US envoy says Allenby crossing from West Bank to Jordan to open 24/7
Following pressure from White House ahead of Biden’s July visit, Tom Nides says move to expand West Bank Palestinians’ travel access ‘will make a real difference in people’s lives’
The Allenby Bridge border crossing between the West Bank and Jordan will begin a pilot in which it will operate 24 hours a day, every day of the week, US Ambassador to Israel Tom Nides announced Wednesday.
All-hours access to the crossing, which is operated by the Israel Airports Authority on the West Bank end of the bridge, was declared as a goal by US President Joe Biden when he visited the country in July. At the time, the US set a deadline for September 30 but Israeli media reports since said it would not be met due to a lack of resources.
Nides announced the development in a tweet and thanked the Prime Minister’s Office, the Transportation Ministry, the airports authority and the government’s Israeli liaison office with the Palestinian territories, known as COGAT.
“It’s worth the investment to get to 24/7 access and will make a real difference in people’s lives!” Nides tweeted.
At a press conference in Jerusalem, Nides said that the pilot was supposed to have started on Friday but was delayed due to the Jewish High Holidays, which began with Rosh Hashanah on Sunday evening and will continue until mid-October. Nides said the Allenby pilot is now scheduled to start on October 24.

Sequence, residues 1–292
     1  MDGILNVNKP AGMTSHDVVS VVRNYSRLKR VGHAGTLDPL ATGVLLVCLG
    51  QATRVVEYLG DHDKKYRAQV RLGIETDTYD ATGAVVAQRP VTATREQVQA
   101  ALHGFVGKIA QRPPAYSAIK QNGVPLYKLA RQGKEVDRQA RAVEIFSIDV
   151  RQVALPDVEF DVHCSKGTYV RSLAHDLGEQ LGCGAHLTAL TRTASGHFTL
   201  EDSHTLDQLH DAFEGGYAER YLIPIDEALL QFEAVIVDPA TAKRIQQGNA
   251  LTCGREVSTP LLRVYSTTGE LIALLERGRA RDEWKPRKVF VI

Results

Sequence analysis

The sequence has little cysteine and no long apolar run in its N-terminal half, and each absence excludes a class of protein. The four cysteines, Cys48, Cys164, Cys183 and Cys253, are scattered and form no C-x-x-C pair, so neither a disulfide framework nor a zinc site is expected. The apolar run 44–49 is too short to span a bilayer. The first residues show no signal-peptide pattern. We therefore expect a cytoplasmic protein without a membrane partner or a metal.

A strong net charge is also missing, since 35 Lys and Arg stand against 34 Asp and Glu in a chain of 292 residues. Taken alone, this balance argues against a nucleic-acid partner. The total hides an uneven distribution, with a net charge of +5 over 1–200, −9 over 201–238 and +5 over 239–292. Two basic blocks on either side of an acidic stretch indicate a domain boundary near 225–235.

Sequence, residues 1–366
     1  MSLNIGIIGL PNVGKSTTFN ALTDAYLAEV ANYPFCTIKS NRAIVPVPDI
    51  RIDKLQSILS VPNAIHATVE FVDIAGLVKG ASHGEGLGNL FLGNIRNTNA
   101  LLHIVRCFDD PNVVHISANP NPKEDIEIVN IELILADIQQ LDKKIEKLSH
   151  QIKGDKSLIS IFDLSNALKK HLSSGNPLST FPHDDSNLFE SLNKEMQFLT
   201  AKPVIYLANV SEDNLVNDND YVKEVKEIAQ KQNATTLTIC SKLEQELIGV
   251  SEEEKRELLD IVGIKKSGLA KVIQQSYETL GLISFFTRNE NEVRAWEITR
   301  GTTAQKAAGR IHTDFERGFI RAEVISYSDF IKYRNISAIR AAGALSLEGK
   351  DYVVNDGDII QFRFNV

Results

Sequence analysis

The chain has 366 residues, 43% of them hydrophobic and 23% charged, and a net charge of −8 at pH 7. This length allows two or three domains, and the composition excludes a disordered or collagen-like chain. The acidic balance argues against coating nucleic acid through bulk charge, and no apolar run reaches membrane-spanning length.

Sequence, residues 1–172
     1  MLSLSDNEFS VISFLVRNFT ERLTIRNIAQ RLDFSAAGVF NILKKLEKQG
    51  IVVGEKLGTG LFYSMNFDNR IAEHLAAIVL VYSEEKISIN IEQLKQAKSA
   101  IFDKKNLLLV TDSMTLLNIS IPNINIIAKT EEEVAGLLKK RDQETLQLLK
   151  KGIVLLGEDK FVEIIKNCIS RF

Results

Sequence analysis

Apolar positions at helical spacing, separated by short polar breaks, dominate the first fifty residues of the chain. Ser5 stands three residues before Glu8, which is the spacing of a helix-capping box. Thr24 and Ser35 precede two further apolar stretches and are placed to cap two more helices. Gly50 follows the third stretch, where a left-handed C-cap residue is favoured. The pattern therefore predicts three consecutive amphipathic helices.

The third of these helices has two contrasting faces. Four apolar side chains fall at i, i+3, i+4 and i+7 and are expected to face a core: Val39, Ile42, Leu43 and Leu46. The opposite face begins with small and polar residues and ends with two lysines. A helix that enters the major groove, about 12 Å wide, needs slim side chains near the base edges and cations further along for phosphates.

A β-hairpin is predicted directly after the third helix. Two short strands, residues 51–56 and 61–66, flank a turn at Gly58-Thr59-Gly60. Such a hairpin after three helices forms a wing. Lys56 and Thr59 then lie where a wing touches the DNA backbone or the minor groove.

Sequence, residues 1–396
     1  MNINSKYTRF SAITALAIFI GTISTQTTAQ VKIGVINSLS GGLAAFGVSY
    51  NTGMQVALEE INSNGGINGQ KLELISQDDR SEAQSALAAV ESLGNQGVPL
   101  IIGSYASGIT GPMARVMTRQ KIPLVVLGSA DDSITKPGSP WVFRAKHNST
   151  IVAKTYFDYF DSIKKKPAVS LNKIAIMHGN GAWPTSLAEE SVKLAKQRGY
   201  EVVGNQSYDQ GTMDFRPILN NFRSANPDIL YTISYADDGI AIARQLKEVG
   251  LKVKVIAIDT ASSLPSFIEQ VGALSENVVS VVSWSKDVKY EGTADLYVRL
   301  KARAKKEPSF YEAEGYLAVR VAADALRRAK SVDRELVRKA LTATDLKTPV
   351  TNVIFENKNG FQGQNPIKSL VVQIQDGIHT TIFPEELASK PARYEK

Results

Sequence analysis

The Transportation Ministry confirmed that preparations are underway to have the Allenby crossing between the West Bank and Jordan stay open 24/7 beginning next month. “Yes, we are making preparations with the Airports Authority to open on the date the ambassador said,” the ministry told The Times of Israel.
It was not clear how long the trial period would continue.
The crossing is used almost exclusively by Palestinian West Bank residents en route to Jordan’s capital Amman for international flights.
The Allenby crossing is currently only open from 8 a.m. to 11:30 p.m. during the week and 8 a.m. to 3:30 p.m. on weekends, and queues can last hours or up to an entire day to cross into Jordan, creating a headache for Palestinians.
Earlier this month US Assistant Secretary for Near Eastern Affairs Barbara Leaf told reporters that opening the crossing 24/7 was one of the issues Washington was pushing as a way to improve cooperation between Israel and the Palestinian Authority amid an ongoing spike in West Bank violence.
Leaf reported on her visit to the region in August. She said the Allenby crossing and the granting of 4G cellular access to Palestinians were two projects she had pushed Israel to follow through on. Biden announced the 4G access during his visit too.
In August, the Walla news site reported that after Israel authorities expressed pessimism about meeting the target date, US officials escalated the matter with Transportation Minister Merav Michaeli, demanding that she ensure obligations were fulfilled on time.
While Michaeli apparently committed to trying, she reportedly made it clear to the US representatives that a lack of staff was likely to stand in the way of Israel meeting the September 30 deadline.
Still unsatisfied, the US representatives engaged US National Security Adviser Jake Sullivan to raise the issue when he met later that month in Washington with Defense Minister Benny Gantz, according to the report.